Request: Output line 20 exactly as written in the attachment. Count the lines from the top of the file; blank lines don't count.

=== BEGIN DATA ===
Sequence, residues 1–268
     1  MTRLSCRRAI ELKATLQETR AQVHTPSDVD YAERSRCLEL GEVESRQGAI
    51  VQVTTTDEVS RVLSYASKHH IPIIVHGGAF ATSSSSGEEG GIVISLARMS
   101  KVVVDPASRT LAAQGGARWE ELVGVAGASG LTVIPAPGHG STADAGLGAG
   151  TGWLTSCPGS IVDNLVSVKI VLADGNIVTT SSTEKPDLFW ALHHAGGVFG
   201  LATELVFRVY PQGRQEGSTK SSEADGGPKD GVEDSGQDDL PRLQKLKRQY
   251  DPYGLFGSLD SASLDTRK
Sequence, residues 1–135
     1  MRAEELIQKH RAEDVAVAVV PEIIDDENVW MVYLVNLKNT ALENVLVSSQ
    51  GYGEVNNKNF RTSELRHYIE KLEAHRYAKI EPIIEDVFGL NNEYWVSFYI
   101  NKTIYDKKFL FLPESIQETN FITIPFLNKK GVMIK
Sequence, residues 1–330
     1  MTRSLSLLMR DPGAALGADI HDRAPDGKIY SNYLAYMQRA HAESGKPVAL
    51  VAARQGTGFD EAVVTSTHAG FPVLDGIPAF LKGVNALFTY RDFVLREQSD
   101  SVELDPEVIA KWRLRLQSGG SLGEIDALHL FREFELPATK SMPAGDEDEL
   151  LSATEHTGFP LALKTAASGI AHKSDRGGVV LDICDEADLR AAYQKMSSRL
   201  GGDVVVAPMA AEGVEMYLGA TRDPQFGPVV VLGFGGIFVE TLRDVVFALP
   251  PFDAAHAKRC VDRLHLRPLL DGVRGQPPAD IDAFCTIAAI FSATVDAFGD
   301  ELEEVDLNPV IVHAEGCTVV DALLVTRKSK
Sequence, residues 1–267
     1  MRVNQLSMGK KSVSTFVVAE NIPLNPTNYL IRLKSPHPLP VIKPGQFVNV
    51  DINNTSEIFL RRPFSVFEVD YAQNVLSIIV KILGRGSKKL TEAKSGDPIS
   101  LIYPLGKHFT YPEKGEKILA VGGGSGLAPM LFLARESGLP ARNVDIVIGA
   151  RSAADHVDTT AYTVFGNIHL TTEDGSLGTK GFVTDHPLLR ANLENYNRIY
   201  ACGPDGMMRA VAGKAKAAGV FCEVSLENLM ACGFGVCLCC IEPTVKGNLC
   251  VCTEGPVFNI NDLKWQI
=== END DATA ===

Sequence, residues 1–267